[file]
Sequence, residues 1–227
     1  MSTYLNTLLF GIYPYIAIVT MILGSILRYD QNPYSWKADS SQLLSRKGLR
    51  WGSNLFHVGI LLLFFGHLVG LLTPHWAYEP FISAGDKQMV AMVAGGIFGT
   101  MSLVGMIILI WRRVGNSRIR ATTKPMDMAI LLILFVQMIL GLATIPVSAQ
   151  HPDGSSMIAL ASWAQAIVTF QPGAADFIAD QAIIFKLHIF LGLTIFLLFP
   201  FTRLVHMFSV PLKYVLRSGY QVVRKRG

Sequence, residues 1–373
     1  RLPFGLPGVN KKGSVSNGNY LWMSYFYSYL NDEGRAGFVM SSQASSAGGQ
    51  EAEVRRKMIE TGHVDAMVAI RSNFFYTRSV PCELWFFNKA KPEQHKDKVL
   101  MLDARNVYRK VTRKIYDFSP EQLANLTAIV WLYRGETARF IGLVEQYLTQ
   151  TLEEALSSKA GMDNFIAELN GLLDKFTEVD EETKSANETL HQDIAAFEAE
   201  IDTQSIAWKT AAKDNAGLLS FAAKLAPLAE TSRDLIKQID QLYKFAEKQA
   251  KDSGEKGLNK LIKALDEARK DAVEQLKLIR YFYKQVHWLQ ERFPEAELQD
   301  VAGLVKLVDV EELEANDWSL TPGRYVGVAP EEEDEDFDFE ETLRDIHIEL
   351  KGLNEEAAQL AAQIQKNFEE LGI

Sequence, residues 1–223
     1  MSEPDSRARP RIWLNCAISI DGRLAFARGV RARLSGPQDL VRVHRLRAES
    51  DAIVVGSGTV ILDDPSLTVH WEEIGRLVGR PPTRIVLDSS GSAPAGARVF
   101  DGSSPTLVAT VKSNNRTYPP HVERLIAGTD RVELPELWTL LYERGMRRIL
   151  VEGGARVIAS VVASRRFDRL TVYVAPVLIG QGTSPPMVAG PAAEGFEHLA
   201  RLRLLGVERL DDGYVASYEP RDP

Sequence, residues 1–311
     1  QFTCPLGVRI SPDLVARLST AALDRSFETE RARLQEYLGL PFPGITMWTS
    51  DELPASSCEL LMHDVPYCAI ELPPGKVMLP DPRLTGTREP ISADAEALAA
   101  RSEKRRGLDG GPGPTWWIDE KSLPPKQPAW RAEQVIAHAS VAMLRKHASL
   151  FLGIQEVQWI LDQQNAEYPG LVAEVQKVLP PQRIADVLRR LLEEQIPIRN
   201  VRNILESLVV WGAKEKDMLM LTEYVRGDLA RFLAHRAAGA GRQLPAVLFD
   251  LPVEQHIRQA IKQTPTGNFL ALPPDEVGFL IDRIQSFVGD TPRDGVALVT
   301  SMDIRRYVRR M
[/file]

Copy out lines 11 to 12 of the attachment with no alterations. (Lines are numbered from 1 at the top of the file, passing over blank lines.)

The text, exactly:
   151  TLEEALSSKA GMDNFIAELN GLLDKFTEVD EETKSANETL HQDIAAFEAE
   201  IDTQSIAWKT AAKDNAGLLS FAAKLAPLAE TSRDLIKQID QLYKFAEKQA